León-Corwin is lead author of a study examining colocation of prisons in Oklahoma with EPA-reported Toxics Release Inventory (TRI) emissions. She is a PhD student studying environmental sociology and social inequality at Oklahoma State University (OSU) in Stillwater.
Oklahoma incarcerates more people per capita than any other US state. The team found that Oklahoma zip codes encompassing prisons have statistically higher levels of TRI emissions than zip codes without prisons.
Not by chance, areas of high emissions were also poorer and more rural. Wealthier communities reject having a prison or polluter built in their neighborhoods. And poorer communities sometimes welcome the facility for the jobs it provides, or they simply lack the political clout to stop it.
“It’s simultaneously ‘not in my backyard’ but also ‘please, in my backyard,’ both of which are tailored to placing prisons and facilities that release TRI emissions in economically disadvantaged communities,” said Jericho McElroy, a graduate student in sociology and criminal justice at OSU and a coauthor of the study.
“There are still certainly issues of relegating those who are disenfranchised in our communities into similar spaces,” Hoover said. Letcher County, Kentucky, is a prime example. Its economy plummeted after the end of mountaintop removal mining. The practice is associated with locally elevated rates of cancer, cardiovascular disease, and pulmonary disease.
Letcher would have been the site of the most expensive federal prison in US history, built atop a former coal mine and next to an active mine and coal sludge pond.
The location was no coincidence: “This is a business model across the country,” Mosley said. “After the land has been depleted and resources have been removed, they sell it to the Department of Corrections or a landfill.”
The site’s approval prompted an extensive 3-year environmental impact review that led to a lawsuit filed by 21 federal prisoners from across the country, with support from groups like the Abolitionist Law Center and the Campaign to Fight Toxic Prisons.
In 2019, the prisoners won their case, and the Federal Bureau of Prisons withdrew its intent to build a penitentiary at Letcher.
Prisoners and prisoners’ rights activists won a major victory there, according to Pellow. “Prisoners could have been subjected to exposure to a whole host of hazards had this facility been built ... It’s not just people living in residential communities who are fighting for environmental justice.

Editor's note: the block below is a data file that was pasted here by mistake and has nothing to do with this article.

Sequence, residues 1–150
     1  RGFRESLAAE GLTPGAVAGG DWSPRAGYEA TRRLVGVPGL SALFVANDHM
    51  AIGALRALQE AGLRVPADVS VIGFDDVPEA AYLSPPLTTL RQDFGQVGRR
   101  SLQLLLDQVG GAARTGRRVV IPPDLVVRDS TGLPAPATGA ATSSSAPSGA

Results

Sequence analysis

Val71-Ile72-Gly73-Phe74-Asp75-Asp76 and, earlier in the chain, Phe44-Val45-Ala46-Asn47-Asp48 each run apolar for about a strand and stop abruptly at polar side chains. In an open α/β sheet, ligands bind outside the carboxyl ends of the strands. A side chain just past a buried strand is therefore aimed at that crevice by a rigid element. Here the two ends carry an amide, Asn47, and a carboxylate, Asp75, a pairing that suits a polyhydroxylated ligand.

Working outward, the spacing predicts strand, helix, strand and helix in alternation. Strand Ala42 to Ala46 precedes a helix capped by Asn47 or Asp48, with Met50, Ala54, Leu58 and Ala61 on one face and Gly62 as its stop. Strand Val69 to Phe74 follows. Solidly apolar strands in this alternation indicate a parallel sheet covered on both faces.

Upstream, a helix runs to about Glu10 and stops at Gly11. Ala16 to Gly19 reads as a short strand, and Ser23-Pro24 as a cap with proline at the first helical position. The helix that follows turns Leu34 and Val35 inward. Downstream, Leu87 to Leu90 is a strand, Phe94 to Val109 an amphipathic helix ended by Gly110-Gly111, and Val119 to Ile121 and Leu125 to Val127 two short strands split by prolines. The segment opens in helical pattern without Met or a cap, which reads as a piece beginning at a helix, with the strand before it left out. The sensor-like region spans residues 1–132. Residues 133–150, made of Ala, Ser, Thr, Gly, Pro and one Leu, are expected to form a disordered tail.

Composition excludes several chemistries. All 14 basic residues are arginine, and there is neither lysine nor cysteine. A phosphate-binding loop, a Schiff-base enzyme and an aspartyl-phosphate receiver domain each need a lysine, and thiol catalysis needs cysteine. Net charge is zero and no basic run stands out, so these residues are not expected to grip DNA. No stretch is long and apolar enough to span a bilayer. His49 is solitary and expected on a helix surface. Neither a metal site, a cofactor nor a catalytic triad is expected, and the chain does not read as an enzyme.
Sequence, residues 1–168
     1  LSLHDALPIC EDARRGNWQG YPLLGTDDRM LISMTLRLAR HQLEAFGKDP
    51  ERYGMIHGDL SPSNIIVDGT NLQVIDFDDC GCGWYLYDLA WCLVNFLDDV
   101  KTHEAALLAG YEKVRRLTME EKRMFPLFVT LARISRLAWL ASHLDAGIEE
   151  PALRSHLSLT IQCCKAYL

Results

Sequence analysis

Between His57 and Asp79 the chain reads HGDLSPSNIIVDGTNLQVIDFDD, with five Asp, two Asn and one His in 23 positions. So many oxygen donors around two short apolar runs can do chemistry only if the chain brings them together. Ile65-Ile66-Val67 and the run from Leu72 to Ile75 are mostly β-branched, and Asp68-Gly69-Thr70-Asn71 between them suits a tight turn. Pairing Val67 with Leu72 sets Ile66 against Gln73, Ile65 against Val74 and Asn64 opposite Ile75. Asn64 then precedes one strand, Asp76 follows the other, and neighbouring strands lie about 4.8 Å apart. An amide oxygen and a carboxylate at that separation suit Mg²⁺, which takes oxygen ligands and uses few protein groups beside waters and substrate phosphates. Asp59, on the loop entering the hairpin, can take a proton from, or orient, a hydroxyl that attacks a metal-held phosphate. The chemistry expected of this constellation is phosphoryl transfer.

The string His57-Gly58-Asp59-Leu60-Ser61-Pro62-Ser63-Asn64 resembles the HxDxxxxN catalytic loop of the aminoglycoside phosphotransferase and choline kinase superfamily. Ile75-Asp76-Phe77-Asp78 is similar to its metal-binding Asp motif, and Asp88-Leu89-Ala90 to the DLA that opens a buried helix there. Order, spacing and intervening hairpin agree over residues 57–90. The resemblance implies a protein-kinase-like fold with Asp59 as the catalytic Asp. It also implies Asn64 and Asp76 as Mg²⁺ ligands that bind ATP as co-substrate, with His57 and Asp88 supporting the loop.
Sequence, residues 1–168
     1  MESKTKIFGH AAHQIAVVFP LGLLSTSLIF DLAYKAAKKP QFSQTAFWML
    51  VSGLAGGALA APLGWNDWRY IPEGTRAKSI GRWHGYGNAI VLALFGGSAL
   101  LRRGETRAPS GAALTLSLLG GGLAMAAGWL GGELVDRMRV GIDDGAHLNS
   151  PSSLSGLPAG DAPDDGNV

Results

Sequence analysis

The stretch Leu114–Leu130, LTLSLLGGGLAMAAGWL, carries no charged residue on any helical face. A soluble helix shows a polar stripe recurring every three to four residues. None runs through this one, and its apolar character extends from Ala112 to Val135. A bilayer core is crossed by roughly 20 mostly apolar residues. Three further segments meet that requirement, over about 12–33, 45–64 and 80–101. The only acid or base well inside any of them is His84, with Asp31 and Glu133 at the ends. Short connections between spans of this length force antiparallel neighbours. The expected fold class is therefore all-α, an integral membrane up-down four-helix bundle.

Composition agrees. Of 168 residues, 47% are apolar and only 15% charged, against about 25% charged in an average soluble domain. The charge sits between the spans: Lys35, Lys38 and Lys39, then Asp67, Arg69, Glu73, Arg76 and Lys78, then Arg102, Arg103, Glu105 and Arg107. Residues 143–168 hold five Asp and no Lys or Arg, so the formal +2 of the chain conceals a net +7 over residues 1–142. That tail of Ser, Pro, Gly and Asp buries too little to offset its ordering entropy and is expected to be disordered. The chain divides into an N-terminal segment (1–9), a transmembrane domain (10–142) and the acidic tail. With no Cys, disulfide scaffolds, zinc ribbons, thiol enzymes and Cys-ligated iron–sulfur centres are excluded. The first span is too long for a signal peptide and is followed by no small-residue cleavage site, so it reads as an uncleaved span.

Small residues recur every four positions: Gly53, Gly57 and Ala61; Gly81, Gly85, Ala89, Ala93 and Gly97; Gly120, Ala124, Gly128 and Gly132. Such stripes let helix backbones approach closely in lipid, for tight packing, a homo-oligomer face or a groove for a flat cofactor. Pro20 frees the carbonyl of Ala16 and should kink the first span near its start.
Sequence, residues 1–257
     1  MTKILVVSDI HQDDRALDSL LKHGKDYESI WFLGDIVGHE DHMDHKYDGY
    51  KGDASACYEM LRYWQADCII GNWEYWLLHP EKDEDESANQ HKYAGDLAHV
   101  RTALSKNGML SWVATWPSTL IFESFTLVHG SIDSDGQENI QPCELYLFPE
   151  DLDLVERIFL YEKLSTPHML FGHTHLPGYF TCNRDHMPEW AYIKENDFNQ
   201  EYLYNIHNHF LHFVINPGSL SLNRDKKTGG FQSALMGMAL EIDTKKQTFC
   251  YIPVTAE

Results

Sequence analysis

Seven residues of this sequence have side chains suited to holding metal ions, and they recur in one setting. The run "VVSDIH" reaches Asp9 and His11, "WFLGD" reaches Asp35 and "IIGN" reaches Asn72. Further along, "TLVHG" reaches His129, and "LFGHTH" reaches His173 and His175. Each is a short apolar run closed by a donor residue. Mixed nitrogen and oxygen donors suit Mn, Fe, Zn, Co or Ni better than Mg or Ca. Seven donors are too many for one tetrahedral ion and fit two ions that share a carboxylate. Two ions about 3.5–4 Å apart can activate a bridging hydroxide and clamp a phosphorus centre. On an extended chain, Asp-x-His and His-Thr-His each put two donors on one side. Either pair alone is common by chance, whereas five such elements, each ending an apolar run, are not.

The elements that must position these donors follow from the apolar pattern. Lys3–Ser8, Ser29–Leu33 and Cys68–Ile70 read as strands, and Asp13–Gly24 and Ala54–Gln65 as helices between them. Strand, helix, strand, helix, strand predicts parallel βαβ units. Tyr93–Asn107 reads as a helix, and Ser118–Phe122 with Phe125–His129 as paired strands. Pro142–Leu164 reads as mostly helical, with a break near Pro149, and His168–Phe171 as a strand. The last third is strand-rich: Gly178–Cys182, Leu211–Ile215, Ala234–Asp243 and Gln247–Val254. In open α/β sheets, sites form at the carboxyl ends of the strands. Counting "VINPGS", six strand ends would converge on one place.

"Prisoners are really leading an important new front in the struggle for environmental justice. Seeing them as leaders in that cause is really important.”
Prisons, jails, and other government detention facilities are regulated by the Safe Drinking Water Act, the Clean Air Act, and other federal environmental regulations, but case studies demonstrate that compliance and enforcement are lacking at facilities spanning the country.
In a statement provided to Eos, the BOP refuted allegations of a lack of enforcement of environmental and health regulations: “BOP takes seriously our duty to protect staff and inmates in our facilities as well as surrounding communities. The BOP coordinates with federal, state and local environmental regulatory agencies with respect to environmental compliance, environmental studies, and water quality for our facility operations and inmate population.”
The agency stated that BOP policy “discusses temperature set points, ventilation, and cooling and heating systems. Additionally, BOP regularly reviews and takes steps to address environmental, health, and safety concerns in all of the BOP’s correctional institutions.”
Continuing the fight
What complicates matters, Tsolkas said, is that a large fraction of incarcerated people are held in county facilities that are controlled at local levels, not state or federal. That makes their conditions hard to track and target with litigation.
“If I would have told you this story a couple years ago,” Mosley said, “you might have gone, ‘Hmm, wow, wild story.’ But nowadays, when you can turn on the news and see how people are being treated every day by government, by police, it’s not a far-fetched story.”
“Fighting structural racism at every level is the tide that raises all boats,” said Wu. “No institution is immune from perpetuating structural racism, and that’s not something to make us feel bad about ourselves.
"It means that every one of us can improve the situation by fighting for the world we want to live in, in our own workplaces ... We can all do better in our own institutions to help dismantle structural racism. Including scientists.”
Kimberly M. S. Cartier is a news and features writer for Eos.org. She joined the Eos staff in 2017 after earning her PhD studying extrasolar planets. Kimberly covers space science, climate change, and STEM diversity, justice, and education.
This story originally appeared in Eos and is republished here as part of Covering Climate Now, a global journalism collaboration strengthening coverage of the climate story.
Environmental justice advocates have gathered personal stories, case studies, and legal cases that demonstrate how environmental injustice, mass incarceration, and systemic racism are connected in the United States. Here are a few resources we recommend to learn more about America’s toxic prisons.